If I thought the speech will contain some dramatic announcements such as the President confessing to the populace that we are at war. That all hands must be on deck to defeat our enemies, and that a state of emergency is declared to put the country on war footing against terrorists, land-grabbing bandits, marauders and kidnappers, I would have been more receptive,. These would have aroused our patriotic instincts and make us realize that wars are not fought and won by the military or security services alone, but by the populace. Imagine if the hundreds of thousands turned internally displaced persons in Niger State were mobilized to defend their towns and villages against the handful of bandits raiding them, those battles would have been won.

Finally, I sat down to listen to the broadcast. I am not sure there was anything new. Claims of food self-sufficiency as against exports, and improved power, are at best debatable. A paragraph that I reflected on a few times read: “Whilst we uphold the Constitutional rights of our people to freedom of expression and association, where the exercise of these rights infringes on the rights of other citizens or threatens to undermine our National Security, we will take firm and decisive action.”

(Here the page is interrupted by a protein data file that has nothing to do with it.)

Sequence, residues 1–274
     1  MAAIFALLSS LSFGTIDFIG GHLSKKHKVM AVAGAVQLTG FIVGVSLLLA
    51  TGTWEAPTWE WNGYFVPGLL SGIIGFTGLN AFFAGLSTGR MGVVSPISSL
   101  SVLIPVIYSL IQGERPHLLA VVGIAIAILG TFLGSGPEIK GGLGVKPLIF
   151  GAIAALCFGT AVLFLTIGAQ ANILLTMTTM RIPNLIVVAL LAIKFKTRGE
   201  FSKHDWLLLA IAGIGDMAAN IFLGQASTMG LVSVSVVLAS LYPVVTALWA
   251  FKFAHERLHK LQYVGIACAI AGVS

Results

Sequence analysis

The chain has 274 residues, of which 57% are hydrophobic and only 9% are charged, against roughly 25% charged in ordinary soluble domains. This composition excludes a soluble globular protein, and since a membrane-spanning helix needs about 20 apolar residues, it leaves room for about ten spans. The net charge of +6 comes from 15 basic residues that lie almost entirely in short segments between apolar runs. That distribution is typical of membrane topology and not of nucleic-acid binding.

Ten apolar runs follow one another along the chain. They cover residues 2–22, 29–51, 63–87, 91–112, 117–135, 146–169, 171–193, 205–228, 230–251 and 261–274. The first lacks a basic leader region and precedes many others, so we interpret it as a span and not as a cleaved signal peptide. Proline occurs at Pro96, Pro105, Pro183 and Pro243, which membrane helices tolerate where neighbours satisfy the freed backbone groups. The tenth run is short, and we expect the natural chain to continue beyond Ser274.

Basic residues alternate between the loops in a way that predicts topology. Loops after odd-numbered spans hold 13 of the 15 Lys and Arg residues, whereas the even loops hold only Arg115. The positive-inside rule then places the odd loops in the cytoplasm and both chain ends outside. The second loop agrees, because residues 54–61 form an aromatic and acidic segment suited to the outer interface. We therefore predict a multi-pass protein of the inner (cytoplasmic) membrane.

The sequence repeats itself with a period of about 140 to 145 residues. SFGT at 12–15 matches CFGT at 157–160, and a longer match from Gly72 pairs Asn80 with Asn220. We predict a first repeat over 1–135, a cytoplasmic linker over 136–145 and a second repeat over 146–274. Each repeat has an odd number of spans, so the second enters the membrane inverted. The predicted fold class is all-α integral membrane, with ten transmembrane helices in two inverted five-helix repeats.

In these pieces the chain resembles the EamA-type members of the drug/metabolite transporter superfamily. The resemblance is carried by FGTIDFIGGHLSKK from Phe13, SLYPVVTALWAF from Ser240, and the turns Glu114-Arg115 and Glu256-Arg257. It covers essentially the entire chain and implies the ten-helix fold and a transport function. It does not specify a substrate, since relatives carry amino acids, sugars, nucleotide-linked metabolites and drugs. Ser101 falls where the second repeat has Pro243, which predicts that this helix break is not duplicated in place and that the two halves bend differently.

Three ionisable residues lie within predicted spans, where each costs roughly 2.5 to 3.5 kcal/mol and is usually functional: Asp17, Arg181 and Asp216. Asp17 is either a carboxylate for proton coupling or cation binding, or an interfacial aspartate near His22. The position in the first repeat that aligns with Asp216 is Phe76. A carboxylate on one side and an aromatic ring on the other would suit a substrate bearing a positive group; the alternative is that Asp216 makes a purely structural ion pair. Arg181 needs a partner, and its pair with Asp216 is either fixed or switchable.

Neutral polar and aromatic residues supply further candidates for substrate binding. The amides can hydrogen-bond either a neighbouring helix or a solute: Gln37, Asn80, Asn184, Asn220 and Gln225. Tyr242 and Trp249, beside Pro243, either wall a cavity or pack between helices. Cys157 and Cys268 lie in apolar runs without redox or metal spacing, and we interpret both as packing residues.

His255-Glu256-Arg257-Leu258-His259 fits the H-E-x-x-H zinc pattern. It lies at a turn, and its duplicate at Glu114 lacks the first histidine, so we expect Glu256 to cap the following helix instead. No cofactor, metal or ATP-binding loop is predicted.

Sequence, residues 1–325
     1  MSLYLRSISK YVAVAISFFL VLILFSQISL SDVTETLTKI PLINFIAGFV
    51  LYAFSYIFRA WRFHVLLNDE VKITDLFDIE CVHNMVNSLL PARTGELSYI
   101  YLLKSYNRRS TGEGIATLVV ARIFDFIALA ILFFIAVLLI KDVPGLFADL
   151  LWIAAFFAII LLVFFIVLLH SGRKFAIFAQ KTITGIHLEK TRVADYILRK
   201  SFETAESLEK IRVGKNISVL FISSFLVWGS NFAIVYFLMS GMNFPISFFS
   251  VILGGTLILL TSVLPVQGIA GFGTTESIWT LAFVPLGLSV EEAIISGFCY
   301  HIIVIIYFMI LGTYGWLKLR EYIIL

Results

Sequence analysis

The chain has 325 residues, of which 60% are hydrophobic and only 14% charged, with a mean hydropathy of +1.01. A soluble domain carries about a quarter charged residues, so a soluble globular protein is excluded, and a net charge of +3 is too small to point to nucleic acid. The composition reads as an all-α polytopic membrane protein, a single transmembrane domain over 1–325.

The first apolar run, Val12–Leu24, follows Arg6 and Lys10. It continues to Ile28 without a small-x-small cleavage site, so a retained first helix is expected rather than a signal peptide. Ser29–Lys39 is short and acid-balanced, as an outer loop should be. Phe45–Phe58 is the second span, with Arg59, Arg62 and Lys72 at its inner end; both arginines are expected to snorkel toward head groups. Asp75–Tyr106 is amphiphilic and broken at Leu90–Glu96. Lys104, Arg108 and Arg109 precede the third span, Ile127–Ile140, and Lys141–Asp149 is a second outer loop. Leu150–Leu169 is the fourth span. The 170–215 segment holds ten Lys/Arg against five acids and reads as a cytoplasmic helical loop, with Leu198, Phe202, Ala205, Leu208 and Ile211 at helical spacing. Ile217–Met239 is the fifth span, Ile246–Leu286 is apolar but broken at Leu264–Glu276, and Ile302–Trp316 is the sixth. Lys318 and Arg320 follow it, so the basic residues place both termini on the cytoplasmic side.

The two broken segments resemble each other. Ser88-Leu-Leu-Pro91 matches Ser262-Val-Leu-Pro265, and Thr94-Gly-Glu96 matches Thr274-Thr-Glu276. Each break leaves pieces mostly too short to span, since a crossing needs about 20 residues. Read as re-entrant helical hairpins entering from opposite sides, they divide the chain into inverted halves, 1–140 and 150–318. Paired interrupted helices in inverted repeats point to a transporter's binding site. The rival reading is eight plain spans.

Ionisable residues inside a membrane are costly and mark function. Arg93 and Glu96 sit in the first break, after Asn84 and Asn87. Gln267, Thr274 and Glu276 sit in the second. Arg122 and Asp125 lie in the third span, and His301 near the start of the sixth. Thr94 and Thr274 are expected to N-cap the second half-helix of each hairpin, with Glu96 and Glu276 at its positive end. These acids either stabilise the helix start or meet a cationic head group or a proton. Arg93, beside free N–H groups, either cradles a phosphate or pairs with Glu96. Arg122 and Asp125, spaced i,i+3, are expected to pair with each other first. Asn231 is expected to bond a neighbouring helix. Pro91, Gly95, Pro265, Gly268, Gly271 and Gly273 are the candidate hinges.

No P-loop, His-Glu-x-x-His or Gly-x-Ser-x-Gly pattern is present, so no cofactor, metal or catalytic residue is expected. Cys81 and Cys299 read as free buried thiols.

The problem here is that the government of the day arrogates to itself the power to determine if an expression undermines “National Security” As the Omoyele Sowore case shows, court rulings on this are respected only if they favour government. If they do not, the government disobeys them and simply tramples on the rights of the citizenry. If our courts are not allowed to adjudicate between the citizen and government, is it not wiser, cheaper and more economical to abolish them and elect more amenable courts that will not waste time listening to both sides?

As you might have guessed, I was quite interested in the issue of security, but the President’s broadcast told us nothing new. He simply stated: “In the last four years, we have combatted the terrorist scourge of Boko Haram. We owe a debt of gratitude to our gallant men and women in arms, through whose efforts we have been able to achieve the present results.”